The Fall 2011 National Climate Seminar series hosted by Bard CEP wrapped up yesterday with Mark Hertsgaard, author of “Hot: Living Through the Next Fifty Years on Earth.” The conversation encompassed the relevance of the Occupy Wallstreet protests to climate change initiatives, the UN climate change conference in Durban, and the fall meeting of the American Geophysical Union.
Mr. Hertsgaard illustrated many of the important connections that exist between the Occupy Wallstreet movement and the climate change fight. While Occupy Wallstreet does not explicitly reference climate change often, “the emergence of the occupy movement is the most hopeful political development in the United States in many years, certainly at least since the election three years ago of Barack Obama,” according to Mr. Hertsgaard. Climate change activists could take direction from the success of the Occupy Wallstreet movement by creating a national dialogue and capturing the world’s attention.
With the COP17/CMP7 UN Climate Change Conference in Durban coming to a close, the stakes are higher than ever, however very little progress has been made. As seen in previous climate negotiations, the US continues to drag is feet when pressed to make real commitments to reduce emissions, going back on President Obama’s campaign promises. The US is once again refusing to accept any proposals put forth by the EU until China and India do so as well. Appropriately, Grist has an interesting post this week on “Which countries fail the most at climate leadership.” Not surprisingly, the US is near the bottom of the list. Hertsgaard’s recommendation: “We need push from the ground up and vote people out of office who are dragging their feet.”
Concurrently in San Fransisco, the American Geophysical Union is hosting it’s 2011 fall meeting bringing together many of the top climate scientists for a week of panels and presentations. Included in this gathering is NASA climate scientist James Hansen who was part of a press conference on December 6th entitled, “Paleoclimate record points to potential rapid climate changes.” Bard CEP Environmental Science Professor Becca Barnes is attending the conference and presenting a poster on biochar.
When questioned about what climate change activists should focus on following the victory in delaying the Keystone Pipeline, Hertsgaard referenced his article in The Nation about NYC mayor Michael Bloomberg’s $50 million donation to the Sierra Club’s “Beyond Coal” campaign. The first stage of the campaign has been very successful, creating a de facto moratorium on the construction of new coal-fired power plants. This coordinated effort by the Sierra Club has succeeded in blocking plans for 160 new coal-fired power plants. Now, activists are looking ahead to phase two of the “Beyond Coal” campaign, shutting down existing coal-fired power plants across the country and replacing them with alternative green energy. Hopefully, the knowledge gained through the successful first part of the campaign can be translated to the broader climate fight.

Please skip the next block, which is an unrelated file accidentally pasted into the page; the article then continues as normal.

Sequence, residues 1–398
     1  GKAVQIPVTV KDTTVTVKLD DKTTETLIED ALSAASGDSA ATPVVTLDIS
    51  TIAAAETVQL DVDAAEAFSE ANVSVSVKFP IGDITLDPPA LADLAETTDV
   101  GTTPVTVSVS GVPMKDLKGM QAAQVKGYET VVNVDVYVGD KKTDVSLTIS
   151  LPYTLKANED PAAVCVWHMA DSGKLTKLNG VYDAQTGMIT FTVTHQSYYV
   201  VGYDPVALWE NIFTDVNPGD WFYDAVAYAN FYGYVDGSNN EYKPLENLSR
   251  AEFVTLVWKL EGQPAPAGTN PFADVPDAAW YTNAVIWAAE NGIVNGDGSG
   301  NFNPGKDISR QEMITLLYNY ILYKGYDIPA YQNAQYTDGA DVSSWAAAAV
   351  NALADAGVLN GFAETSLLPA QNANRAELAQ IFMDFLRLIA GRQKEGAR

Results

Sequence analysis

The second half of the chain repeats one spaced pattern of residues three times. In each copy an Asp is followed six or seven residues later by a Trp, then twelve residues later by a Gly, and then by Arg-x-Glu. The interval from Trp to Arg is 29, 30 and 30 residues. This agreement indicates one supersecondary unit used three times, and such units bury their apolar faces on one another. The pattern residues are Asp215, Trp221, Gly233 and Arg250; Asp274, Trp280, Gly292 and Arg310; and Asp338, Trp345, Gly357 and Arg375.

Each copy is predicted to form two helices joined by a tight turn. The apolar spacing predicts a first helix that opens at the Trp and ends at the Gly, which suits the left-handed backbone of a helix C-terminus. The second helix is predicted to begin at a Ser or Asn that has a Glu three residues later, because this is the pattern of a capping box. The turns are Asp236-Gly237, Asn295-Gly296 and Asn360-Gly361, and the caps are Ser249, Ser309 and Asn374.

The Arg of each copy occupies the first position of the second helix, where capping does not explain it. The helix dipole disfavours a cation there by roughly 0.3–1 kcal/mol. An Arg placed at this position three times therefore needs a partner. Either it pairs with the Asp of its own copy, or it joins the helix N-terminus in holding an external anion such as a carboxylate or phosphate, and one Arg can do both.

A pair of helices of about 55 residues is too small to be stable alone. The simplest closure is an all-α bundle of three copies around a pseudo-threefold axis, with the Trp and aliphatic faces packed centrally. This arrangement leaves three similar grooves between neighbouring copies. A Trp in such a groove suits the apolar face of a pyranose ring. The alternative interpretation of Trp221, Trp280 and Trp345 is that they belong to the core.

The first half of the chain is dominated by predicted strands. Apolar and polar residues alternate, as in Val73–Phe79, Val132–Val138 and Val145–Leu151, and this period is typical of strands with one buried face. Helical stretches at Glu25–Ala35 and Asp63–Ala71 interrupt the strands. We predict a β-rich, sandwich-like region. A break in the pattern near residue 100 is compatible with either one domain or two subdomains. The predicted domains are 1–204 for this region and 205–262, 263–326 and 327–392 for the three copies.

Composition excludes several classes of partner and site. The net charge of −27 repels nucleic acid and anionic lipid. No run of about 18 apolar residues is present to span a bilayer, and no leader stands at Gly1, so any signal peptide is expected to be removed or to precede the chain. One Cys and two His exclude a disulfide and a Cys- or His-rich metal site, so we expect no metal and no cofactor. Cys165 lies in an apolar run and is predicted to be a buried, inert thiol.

The spring line-up for the National Climate Seminar will include Billy Parish on his new book: Making Good: Finding Meaning, Money and Community in a Changing World; Tony Leiserowitz on Climate Communication; and Cynthia Rosenzweig on climate and agriculture. Look for the full schedule in January. Podcasts of the conversation with Mark Hertsgaard and of previous NCS conversations are available here.
We are proud to announce that the first cohort of C2C Fellows was inaugurated this past weekend at Bard College! Over 25 young people aspiring to sustainability leadership in politics and business gathered here for a weekend leadership skills training. These are the future leaders who will determine just how hot it does get over their lifetimes. Apply now to be part of upcoming C2C Fellows programs at the University of Georgia (February 10th-12th) and at Oberlin College (April 6th-8th). Or sign up to stay informed about C2C Fellows.